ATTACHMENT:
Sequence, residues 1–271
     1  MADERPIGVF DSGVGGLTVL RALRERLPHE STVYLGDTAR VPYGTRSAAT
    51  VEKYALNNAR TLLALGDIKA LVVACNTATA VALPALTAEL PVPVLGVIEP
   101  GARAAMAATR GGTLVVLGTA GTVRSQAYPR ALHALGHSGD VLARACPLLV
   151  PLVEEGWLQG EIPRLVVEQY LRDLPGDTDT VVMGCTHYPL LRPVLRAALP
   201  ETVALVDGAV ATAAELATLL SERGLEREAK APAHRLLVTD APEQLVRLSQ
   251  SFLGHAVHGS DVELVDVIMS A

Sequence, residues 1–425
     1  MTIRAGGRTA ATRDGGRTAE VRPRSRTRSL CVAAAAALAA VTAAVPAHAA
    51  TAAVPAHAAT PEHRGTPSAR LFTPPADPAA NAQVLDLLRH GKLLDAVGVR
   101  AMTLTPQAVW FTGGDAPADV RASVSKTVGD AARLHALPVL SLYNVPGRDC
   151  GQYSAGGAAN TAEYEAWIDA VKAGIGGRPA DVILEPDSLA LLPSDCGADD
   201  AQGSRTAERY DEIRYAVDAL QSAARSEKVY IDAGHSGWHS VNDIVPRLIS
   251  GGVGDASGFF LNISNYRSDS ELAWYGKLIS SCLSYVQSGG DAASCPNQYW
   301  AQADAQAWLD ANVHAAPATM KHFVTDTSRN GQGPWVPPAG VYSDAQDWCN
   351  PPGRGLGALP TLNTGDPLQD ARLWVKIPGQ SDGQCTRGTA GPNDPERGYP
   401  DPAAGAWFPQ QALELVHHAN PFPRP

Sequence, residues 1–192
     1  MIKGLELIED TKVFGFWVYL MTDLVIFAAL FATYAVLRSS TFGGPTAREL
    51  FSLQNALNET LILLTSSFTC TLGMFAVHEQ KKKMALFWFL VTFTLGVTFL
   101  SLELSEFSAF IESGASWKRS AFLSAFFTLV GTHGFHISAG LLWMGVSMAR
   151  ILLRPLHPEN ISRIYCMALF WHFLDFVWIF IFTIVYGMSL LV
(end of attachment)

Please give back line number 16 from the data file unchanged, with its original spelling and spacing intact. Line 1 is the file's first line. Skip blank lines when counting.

   351  PPGRGLGALP TLNTGDPLQD ARLWVKIPGQ SDGQCTRGTA GPNDPERGYP